As I write this column, about a third of the Major League Baseball season has passed. For Yankees fans, though, the season seems to be just starting. Sure, the Yankees are 30-31, trailing the Red Sox by 9.5 games, but we’re not worried. (Of course, by the time you read this; we might be worried then.)
We’re not worried tonight, though, because the Yankees have just won six games in a row and, for the first time since Opening Days, all systems seem “go.”
For those of you who don’t know, the 2007 New York Yankees are the best team in the major leagues. The starting lineup and pitching staff are replete with All Stars and future Hall of Famers. For some unknown reason, though, the season got off to a very rocky start for these Bronx Bombers. So much so, that even fans of other teams spent much of April and May wondering exactly what was going wrong for the Yankees. On paper, a lot seemed to be going right: Alex Rodriguez was leading the league in home runs and runs batted in. Jorge Posada was leading the league in hitting (followed closely be Derek Jeter). And Andy Pettitte – back in pinstripes where he belongs – boasted a lower earned run average than Boston ace Josh Beckett, who was 8-0 through the end of May. Yet, all clearly wasn’t right with the Yankees, as punctuated by Pettitte’s 3-4 record in the same time frame.
So what was the problem and why (tonight) does it appear to be fixed? One theory is that even with all the right parts, a machine simply won’t function correctly if the parts don’t move at the right time. Put another way, if only four players out of nine are playing well – even extremely well – the imbalance in a team’s performance will not be overcome.
Here’s what has changed for the Yankees over the past couple of weeks: Jason Giambi went on the disabled list. This seemed like a bad thing, because he is an important offensive contributor. His absence, however, has allowed a couple of key “parts” to shift into alignment. With Giambi out of the lineup, Johnny Damon can be the Designated Hitter, which allows his ailing legs some much needed rest. In this role, Damon is hitting and running the bases much better. With Damon at DH, Melky Cabrera can play Center Field. Melky is a much better fielder than Damon and with a regular gig in the outfield, he seems to be hitting much better. Robinson Cano, who had been slumping at the plate, and Bobby Abreu, who seemed asleep at the plate, are both on fire offensively. And Hideki Matsui is starting to look like his old self too.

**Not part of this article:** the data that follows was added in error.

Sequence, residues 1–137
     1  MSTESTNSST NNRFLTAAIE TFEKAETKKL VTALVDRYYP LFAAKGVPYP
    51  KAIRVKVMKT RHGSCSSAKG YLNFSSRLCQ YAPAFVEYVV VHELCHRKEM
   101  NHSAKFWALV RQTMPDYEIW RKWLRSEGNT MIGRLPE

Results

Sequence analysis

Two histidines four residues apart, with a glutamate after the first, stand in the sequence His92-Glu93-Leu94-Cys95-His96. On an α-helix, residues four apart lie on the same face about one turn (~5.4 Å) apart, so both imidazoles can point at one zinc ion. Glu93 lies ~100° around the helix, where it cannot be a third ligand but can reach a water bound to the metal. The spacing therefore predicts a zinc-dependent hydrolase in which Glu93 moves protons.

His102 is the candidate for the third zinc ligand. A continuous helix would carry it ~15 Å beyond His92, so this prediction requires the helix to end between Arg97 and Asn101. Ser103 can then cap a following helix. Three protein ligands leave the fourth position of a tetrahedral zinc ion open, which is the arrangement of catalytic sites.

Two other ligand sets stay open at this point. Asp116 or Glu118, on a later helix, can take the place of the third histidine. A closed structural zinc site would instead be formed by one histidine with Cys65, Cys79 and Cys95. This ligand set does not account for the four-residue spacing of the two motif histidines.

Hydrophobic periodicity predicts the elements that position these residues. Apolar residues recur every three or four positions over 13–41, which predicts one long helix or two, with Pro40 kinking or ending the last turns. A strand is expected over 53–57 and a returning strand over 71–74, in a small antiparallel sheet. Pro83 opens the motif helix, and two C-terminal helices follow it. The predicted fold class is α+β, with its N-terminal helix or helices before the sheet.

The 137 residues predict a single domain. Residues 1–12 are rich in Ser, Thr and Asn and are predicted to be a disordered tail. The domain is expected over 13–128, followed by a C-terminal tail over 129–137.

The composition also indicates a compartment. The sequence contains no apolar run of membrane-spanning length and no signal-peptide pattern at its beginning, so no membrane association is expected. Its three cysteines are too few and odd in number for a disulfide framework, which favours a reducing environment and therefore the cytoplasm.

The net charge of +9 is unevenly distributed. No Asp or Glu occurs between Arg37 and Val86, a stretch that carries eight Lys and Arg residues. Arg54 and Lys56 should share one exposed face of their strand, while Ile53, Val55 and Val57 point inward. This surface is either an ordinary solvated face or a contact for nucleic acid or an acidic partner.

The return of Pettitte and Roger Clemens to this team cannot be overlooked either. With the Rocket’s return, the Yankees now boast four marquee starters in Pettitte, Clemens, Mike Mussina and Chien-Ming Wang. With some previously absent offensive support, the solid pitching of this group should amount to many, many more wins this season, not to mention a few more save opportunities for Mariano Rivera, who we haven’t seen enough of in this first third of a season.
So what does any of this baseball nonsense have to do with Temple Beth Sholom? Our Temple, like any other organization, is comprised of a great variety of component parts. At times, we function like a well-oiled machine. At other times, we do not. Sometimes inexplicably. From time to time over the past year, board members and other congregants have challenged me, asking good questions about why a policy decision has been made, or why a project that seems straightforward has not been completed as quickly as it could have been. These are good questions and I welcome them. The fact is that our TBS “team” is as full of talent as the 2007 Yankees, and I truly believe that we are working as hard for success as that team. We, like them, will stumble from time to time. Our failings do not, however, reflect a lack of effort or a lack of commitment to our goals. Sometimes, it just takes a little time to get in sync.
When I became president of Temple Beth Sholom last year, I wrote in this column about the concept of “community.” Over the past year, I have written a number of columns focusing on different facets of our shul that comprise and reflect our community. I think we have much to be proud of at Temple Beth Sholom. Our efforts, though imperfect at times, have clearly yielded fruit. As I begin my second year as president of Temple Beth Sholom, I hope and expect to see more “wins” by our team than losses. I also hope that, by the time you read this, the Yankees are 15 games above .500, and that the Red Sox start losing a game every now and then.
Have a great summer!